The **Adjoint** or Reciprocal Determinant arises from A = (a11a22a33 ...a nn) by substituting for each element A ik the corresponding minor Aik so as to form D = (A 11 A 22 A 33 ï¿½ï¿½ï¿½ A nn).

Its value is therefore O n and we have the identity D.0 = A n or D It can now be proved that the first minor of the **adjoint** determinant, say B rs is equal to An-2aï¿½.

The **adjoint** determinant is the (n - I) th power of the original determinant.

The **adjoint** determinant will be seen subsequently to present itself in the theory of linear equations and in the theory of linear transformation.

It is easy to see that the **adjoint** determinant is also 'symmetrical, viz.

For the second order we may take Ob - I - A, 1 1 +A2, and the **adjoint** determinant is the same; hence (1 +A2)x1 = (1-A 2)X 1 + 2AX2, (l +A 2)x 2 = - 2AX1 +(1 - A2)X2.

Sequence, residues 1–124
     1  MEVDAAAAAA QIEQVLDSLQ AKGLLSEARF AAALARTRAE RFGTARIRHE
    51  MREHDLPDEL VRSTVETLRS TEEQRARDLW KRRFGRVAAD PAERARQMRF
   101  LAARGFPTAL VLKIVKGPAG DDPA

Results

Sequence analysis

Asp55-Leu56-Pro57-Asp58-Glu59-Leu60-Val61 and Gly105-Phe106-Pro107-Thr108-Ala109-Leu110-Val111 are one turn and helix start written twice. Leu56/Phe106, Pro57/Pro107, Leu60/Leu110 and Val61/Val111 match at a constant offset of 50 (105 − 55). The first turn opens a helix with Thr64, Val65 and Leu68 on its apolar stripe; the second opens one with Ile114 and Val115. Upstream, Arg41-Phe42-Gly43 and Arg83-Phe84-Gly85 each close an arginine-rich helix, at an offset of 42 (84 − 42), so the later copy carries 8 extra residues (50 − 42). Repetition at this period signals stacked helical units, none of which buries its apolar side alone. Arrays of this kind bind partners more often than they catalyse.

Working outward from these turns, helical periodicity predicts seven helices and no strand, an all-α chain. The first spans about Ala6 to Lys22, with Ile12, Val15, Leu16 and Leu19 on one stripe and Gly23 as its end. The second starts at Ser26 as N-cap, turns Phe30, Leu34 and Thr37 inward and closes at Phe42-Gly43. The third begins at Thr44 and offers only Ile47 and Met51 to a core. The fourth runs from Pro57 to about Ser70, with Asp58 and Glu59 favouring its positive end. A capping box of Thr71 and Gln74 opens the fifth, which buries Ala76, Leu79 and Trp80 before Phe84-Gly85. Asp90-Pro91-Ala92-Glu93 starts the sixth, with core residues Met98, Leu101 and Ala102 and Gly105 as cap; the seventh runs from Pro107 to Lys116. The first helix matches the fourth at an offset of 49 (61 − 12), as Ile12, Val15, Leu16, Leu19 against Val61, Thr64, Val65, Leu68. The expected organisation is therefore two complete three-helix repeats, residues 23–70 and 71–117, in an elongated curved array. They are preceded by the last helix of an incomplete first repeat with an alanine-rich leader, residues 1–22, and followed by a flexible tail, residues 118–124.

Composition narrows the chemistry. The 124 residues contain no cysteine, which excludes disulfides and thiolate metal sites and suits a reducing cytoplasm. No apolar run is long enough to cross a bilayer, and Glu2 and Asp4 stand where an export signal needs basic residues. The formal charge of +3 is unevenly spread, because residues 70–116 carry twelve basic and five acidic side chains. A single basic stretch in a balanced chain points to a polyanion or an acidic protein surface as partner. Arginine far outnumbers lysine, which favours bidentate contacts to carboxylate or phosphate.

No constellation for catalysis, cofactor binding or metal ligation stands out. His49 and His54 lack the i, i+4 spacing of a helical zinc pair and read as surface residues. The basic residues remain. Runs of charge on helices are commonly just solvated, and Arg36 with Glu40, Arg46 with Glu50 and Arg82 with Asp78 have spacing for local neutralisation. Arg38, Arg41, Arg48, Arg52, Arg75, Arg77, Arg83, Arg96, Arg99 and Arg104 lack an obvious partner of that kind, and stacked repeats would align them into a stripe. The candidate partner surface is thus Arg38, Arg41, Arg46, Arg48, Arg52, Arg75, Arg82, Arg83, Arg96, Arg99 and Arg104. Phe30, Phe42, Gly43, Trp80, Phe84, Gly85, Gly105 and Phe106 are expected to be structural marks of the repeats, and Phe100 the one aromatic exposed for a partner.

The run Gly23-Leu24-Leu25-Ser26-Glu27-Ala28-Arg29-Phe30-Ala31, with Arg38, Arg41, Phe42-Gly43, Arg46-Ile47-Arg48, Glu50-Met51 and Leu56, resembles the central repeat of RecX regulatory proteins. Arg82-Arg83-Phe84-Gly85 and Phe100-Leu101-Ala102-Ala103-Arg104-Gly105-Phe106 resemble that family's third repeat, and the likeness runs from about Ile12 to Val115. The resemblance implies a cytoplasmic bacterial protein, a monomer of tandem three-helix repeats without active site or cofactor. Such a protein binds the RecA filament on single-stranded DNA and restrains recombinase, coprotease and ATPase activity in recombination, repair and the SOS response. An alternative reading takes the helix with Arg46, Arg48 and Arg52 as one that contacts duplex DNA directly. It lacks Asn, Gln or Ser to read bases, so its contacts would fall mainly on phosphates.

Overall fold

Similarly, for the order 3, we take 1 v Ab= -v 1 A =1 +x2 + 1, 2 + ï¿½ - A 1 and the **adjoint** is 1+A v +Aï¿½ -ï¿½ +Av -v +Aï¿½ 1+11 2 A +/-tv pt+AvA +ï¿½v 1 +1,2 leading to the orthogonal substitution Abx1 = (1 +A 2 - / 22 - v 2) X l +2(v+Aï¿½)X2 +2(/1 +Av)X3 1bx2 = 2(Aï¿½ - v)Xl+(1 +ï¿½2 - A2 - v2)X2 / +2(Fiv+A)X3 Abx3 = 2(Av +ï¿½)X1 +2(/lv-A)X2+(1+v2-A2- (12)X3.

The same year he obtained the position of **adjoint** to Baudon, one of the farmers-general of the revenue, subsequently becoming a full titular member of the body.